All work that we do in this material world, seems to be empty in the end, entirely purposeless. Why?

The Problem: The Doing supersedes the Being

A feeling of purposelessness exists because the heart does not know satisfaction of any kind.

The thirst for existence still remains and disturbingly lingers on.

We still keep looking, trying to do and achieve things endlessly; we continue to hope that someday something will result in satisfaction.

That only makes us warier and gloriously dissatisfied.

What we now need to focus on, is “being”, the real light of the “one who is doing”.

Inner work becomes compulsory in order to get established in the “doer”, so that “doing” happens instead of the usual forceful effort that goes behind the doing.

This forceful effort saps one of energy and brings about utter dissipation and exasperation.

Buddhism focuses on being

Man has never stopped looking outside for help.

This “looking out” for help has become the source of those very problems.

Unless one completely realizes the fact that the mind alone causes dissatisfaction and ultimate suffering, our redemption becomes impossible.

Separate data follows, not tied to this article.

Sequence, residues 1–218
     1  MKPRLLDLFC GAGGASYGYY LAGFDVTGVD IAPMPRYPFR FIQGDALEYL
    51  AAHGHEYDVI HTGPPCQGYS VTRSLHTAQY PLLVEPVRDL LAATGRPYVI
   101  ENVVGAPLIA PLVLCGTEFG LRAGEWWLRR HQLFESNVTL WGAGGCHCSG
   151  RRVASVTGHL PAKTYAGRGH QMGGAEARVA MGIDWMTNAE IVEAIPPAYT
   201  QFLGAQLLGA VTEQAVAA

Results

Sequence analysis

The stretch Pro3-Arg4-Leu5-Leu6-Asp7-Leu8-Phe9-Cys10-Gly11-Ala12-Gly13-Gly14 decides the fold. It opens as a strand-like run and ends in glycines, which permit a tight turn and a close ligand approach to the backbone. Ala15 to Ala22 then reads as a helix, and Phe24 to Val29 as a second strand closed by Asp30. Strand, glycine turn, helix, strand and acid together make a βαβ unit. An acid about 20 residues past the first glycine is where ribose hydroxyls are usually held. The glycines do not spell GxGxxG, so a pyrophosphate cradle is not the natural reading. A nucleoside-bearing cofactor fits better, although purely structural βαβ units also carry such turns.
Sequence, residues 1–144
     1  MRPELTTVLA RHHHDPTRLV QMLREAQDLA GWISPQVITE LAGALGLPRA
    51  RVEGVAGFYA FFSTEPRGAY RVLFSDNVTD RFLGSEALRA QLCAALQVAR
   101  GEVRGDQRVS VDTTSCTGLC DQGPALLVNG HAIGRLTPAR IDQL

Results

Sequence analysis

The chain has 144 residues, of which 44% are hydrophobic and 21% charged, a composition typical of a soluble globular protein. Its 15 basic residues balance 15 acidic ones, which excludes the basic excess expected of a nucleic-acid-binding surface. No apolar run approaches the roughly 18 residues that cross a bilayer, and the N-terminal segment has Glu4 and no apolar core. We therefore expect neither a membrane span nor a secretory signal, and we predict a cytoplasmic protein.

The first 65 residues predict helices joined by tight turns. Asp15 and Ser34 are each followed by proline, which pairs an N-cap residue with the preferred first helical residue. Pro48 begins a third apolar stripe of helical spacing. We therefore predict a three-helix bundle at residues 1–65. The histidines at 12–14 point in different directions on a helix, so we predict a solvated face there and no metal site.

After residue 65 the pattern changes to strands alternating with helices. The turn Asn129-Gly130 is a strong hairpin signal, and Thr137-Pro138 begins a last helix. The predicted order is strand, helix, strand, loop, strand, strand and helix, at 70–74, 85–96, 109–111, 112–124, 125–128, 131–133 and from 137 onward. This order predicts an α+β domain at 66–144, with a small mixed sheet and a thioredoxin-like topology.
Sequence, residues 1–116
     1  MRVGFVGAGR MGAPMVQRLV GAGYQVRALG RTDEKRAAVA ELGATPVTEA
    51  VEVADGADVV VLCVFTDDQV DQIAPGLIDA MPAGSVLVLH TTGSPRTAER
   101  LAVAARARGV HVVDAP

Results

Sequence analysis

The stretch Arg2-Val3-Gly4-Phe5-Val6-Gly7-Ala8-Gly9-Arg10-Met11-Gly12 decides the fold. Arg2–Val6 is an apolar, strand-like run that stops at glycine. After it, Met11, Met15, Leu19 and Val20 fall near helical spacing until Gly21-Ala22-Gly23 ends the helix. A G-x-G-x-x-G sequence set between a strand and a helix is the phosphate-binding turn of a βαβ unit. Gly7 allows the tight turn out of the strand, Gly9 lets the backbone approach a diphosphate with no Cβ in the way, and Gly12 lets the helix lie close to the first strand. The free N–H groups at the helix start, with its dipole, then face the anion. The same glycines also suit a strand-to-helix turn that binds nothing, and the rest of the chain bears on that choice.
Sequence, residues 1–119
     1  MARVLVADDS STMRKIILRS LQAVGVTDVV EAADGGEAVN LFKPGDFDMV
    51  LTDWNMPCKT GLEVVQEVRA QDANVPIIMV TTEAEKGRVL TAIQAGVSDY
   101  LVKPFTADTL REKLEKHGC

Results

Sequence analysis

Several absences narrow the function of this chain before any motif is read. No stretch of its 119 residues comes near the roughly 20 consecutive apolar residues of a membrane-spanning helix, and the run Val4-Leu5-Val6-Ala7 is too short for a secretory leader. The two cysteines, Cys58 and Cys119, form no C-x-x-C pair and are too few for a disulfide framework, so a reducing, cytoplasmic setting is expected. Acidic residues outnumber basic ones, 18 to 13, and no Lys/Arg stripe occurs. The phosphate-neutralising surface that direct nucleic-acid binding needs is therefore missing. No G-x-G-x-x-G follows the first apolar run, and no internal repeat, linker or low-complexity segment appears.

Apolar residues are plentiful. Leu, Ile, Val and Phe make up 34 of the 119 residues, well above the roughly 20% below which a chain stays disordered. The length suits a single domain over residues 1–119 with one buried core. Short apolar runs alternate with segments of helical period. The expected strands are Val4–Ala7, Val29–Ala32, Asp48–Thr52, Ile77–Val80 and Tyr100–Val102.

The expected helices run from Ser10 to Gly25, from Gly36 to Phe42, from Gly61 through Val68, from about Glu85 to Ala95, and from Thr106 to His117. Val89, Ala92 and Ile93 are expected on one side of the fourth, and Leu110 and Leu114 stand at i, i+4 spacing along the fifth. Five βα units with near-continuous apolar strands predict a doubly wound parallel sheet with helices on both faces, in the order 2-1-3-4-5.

Buddhism addresses this very problem.

Our focus needs to shift to “being”.

The solution lies there.

Awareness holds the key to the “Being”

When one becomes sufficiently aware of one’s actions and becomes aware of the responses that the universe throws back at us, one slowly graduates towards “insightful living”.

Until such time, every effort is just a shot in the dark.

Once we see that our experiences simply result from our own mental creation, we shall make rapid progress towards “being”.

Hallucinating about the Purpose of Life

When we say “being”, it means our very core, our true nature, and not much about what “the world expects of us”.

Unfortunately, people start hallucinating about the “Purpose behind their birth”.

This becomes the sole cause of suffering.

Instead, we shall become wise if we recognize our own innate nature, the “being inside”.

The more one vibrates with the “being”, the more one gravitates towards self-sufficiency and peace.

Our defeat lies in the point of “trying to change things or people”.

We are in a constant tiff with ourselves and the world.

We are continuously trying to “get somewhere” and that is not in consonance with the “being”.

Naturally, we miscalculate and misdirect our assumptions right from the word go.

Brahman and the Being are the same

Unless we sufficiently conserve and preserve mental energy thereby intelligently directing it, we can never find the being”.